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Yola
Yola
Spoken in Ireland
Region Wexford
Language extinction Mid-19th century
Language family Indo-European
Language codes
ISO 639-1 None
ISO 639-2 gem
ISO 639-3 yol

Yola is an extinct West Germanic language formerly spoken in Ireland. A branch of Middle English, it evolved separately among the English (known as the Old English) who followed the Norman barons Strongbow and Robert Fitzstephen to eastern Ireland in 1169.

The dialect, which in the period before its extinction was known as "Yola", meaning "old", evolved separately from the mainstream of English. Perhaps as a result of the geographic isolation and predominately rural character of the communities where it was spoken, Yola seems to have changed little down the centuries from when it first arrived in Ireland, apart from assimilating many Irish words. By the early 19th century, it was distinctly different from English spoken elsewhere.

The language continued to be spoken in south County Wexford until the early to mid-19th century when it was gradually replaced with modern Hiberno-English. By the mid 19th century, the language was only spoken in remote parts of Forth, County Wexford. It was succumbing to the same set of social, political and economic processes and policies which were extinguishing the Irish language and by the end of that century little remained of its unique linguistic heritage.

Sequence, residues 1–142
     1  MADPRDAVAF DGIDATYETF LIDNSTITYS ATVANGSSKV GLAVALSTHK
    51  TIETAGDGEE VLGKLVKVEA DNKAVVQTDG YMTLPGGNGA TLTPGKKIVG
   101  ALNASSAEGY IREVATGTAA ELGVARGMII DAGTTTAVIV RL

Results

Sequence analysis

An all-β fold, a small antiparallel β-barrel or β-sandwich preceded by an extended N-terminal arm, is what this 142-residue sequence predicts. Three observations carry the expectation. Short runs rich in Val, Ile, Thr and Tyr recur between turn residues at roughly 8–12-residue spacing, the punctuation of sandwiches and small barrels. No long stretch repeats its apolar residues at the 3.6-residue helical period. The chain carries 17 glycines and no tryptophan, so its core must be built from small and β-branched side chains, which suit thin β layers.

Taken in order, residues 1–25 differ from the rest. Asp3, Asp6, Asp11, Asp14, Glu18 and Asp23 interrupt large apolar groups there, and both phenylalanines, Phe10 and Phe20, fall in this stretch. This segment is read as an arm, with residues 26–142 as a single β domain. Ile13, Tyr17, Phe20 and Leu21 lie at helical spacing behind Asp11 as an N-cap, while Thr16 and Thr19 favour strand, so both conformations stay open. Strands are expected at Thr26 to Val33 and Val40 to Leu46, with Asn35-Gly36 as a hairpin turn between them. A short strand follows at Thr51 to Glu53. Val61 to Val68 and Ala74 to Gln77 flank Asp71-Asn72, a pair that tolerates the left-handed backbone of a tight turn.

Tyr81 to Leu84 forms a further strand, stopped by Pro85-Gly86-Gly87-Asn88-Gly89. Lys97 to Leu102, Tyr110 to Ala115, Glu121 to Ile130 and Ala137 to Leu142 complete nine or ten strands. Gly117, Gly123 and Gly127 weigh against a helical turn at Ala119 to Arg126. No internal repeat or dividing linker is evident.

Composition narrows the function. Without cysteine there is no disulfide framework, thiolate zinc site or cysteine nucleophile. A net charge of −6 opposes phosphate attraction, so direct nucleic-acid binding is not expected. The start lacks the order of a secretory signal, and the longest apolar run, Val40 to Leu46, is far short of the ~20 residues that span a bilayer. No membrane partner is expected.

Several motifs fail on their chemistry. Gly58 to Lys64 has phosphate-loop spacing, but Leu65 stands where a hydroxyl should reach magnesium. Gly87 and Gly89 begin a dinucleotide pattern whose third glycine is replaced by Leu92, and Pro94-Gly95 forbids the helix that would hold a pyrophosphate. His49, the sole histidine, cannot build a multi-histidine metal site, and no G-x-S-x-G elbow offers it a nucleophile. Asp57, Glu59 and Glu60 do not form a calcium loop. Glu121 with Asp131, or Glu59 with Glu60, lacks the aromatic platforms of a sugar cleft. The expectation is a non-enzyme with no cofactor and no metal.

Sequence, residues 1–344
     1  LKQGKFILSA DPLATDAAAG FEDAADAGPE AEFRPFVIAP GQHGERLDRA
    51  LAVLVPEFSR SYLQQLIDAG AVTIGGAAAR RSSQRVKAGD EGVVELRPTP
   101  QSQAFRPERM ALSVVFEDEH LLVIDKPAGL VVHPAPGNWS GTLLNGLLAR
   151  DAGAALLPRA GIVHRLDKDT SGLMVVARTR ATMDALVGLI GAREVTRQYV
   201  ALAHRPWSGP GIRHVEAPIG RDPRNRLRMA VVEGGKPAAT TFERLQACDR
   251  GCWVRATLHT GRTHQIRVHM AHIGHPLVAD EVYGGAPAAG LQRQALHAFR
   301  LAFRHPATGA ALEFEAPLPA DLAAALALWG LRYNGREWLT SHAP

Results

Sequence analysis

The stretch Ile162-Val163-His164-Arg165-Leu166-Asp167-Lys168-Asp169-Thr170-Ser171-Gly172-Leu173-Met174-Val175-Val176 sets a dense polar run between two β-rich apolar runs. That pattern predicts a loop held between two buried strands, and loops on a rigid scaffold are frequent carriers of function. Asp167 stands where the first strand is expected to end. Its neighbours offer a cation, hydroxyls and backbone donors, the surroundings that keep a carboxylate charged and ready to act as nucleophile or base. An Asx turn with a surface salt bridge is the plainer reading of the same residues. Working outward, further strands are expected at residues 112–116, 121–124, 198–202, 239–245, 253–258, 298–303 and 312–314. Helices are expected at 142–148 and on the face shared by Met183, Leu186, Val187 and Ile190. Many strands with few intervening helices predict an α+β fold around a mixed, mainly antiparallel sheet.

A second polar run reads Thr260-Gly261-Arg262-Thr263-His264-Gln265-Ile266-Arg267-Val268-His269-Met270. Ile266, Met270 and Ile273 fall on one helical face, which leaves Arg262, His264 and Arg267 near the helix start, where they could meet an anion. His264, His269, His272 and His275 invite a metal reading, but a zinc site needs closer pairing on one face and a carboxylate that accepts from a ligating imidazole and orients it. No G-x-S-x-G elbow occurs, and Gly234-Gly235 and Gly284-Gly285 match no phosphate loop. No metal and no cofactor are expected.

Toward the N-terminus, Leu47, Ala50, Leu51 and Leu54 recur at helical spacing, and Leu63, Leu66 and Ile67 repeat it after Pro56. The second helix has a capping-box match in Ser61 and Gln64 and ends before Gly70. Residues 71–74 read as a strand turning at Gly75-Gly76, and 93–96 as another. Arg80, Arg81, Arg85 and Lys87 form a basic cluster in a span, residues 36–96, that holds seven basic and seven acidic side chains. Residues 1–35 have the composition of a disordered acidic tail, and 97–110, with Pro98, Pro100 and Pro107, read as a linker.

Contents

Geographic distribution

Forth-Bargy.gif

It was mainly spoken in the baronies of Forth and Bargy, two of the ten baronies of County Wexford in the South East of Ireland.

Classification

Yola was a descendant of Middle English closely related to the dialects of South West England (Devon and Somerset) and South Pembrokeshire.

The urban settlements of Wexford and Dublin were both founded by the Vikings. It is possible that the English which flourished there was influenced by the Norse speech of the Vikings, although no evidence exists to support this theory.

There is also little evidence to support the theory of a link to Dutch or Flemish.

The now-extinct language of north County Dublin, Fingalian, has its origins around the same time and is believed to have been very similar.

Phonology

As in the Dutch language and south-western varieties of English, most voiceless fricatives in Yola became voiced. The Middle English vowels are well-preserved, with no evidence of the Great Vowel Shift.

One striking characteristic of Yola was the fact that stress was shifted to the second syllable of words in many instances: morsaale "morsel", hatcheat "hatchet", dineare "dinner", readeare "reader", weddeen "wedding", etc. (O'Rahilly 1932).

Grammar